Alaska's First City


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North America » United States » Alaska » Ketchikan
May 22nd 2012
Published: May 23rd 2012
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INSIDE PASSAGE, ALASKA



As you cruise north from Vancouver the landscape gives way to miles and miles of wilderness. Vancouver is a very densely populated city, but British Columbia as a whole is not. Except for the occasional tugboat pulling a raft of logs or a Ferry transporting passengers and their vehicles the horizon before us is clear. Clear, clean and beautiful. Snow-capped peaks fringe the narrow passage ahead and the shores are an immense forest of lush green trees.



Alaska's first city is our destination. Ketchikan is billed as the salmon capital of the world and the whole city is waiting for us to arrive. We are the on the first cruise to Alaska of the season for Princess and the first to arrive at the dock on this Monday morning. We are the first of four ships that will eventually tie up on this day. So, the streets are sparkling clean, the shop keepers bright and friendly and the shelves stocked to the brim. It is all there, Bars, Old Bordellos and lots of stuffed Bears. What could easily have been to much in another place, does not seem really over the top here. No one is hawking wares on the street or goading you into their shops. Yes, it is obvious that the local economy hinges on the cruise ship visitors, but it is not really in-your-face pushy. Plenty of golden nuggets are on display and the restored houses, shops and cafes along Creek Street are really cool. The scenery that surrounds the town is awe-inspiring and everyone is friendly and helpful. It is a very walkable town and we spent the first couple of hours just walking around and getting oriented to all the sights and sounds. Then, we caught the local bus for one dollar each and got a nice, if somewhat crowded, tour of the harbor and surrounding area. Outside of downtown the economy did not look as robust. Several closed down cannery's, an old paper mill that was being dismantled and ramshackle houses lined the main road along the harbor. The locals on the bus complained about the loss of logging jobs when Bill Clinton closed the 16 million acre National Forest and made any harvest of timber illegal. The fact that they were still complaining about something that happened in the 90's was surprising.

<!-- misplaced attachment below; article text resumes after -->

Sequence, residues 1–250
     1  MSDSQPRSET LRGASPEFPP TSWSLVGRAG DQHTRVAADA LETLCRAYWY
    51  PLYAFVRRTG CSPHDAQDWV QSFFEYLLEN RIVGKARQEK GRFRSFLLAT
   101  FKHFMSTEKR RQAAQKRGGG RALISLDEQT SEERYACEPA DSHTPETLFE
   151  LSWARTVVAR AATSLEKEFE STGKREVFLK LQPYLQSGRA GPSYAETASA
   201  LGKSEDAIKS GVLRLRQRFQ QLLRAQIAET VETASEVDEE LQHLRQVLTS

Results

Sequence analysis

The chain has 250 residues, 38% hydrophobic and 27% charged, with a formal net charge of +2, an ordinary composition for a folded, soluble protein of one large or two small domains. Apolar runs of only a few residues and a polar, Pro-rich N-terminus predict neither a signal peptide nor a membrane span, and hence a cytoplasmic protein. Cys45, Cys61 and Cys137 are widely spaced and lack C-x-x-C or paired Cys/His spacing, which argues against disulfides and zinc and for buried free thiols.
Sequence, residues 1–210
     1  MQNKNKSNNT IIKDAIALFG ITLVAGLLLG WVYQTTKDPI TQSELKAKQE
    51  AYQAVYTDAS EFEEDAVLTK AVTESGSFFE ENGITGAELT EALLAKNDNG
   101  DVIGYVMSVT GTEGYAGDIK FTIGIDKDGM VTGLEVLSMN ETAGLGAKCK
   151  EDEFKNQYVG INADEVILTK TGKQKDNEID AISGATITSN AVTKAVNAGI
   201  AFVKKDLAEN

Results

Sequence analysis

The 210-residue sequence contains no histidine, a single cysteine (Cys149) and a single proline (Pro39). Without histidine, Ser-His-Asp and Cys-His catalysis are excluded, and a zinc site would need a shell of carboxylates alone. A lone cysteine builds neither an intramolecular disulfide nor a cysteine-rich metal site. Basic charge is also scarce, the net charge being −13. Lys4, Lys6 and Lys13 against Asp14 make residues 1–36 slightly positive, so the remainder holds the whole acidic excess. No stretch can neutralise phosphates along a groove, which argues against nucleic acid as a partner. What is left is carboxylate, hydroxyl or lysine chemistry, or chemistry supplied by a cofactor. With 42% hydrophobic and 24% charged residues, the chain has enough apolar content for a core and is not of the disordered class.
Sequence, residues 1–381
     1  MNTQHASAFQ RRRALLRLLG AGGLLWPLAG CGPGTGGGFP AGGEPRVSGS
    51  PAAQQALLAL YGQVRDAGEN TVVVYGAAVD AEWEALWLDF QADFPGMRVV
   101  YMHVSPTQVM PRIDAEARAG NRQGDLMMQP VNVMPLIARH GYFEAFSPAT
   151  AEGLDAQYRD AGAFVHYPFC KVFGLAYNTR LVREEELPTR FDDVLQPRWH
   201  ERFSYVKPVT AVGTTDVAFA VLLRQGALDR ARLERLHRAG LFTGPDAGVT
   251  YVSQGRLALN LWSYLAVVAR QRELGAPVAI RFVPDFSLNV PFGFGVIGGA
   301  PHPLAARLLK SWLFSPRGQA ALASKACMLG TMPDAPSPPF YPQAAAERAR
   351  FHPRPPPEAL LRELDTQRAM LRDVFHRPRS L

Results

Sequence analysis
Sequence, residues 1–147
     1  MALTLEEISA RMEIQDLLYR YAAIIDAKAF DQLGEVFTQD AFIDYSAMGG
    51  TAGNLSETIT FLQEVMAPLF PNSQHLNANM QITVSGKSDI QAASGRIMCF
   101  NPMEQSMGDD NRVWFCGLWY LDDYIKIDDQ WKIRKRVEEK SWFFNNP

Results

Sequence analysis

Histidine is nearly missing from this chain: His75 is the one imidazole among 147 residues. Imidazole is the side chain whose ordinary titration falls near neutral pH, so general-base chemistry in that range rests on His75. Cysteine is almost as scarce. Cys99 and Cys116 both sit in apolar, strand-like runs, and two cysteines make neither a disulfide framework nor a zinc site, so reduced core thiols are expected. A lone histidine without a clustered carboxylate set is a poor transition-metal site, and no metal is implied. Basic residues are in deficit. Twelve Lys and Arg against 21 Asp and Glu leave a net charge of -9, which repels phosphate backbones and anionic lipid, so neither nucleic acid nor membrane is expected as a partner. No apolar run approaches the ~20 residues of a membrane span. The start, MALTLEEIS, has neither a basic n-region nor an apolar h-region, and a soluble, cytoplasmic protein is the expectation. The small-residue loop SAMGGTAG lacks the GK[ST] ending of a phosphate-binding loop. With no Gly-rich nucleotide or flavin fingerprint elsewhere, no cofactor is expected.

But, overall Ketchikan was lovely.

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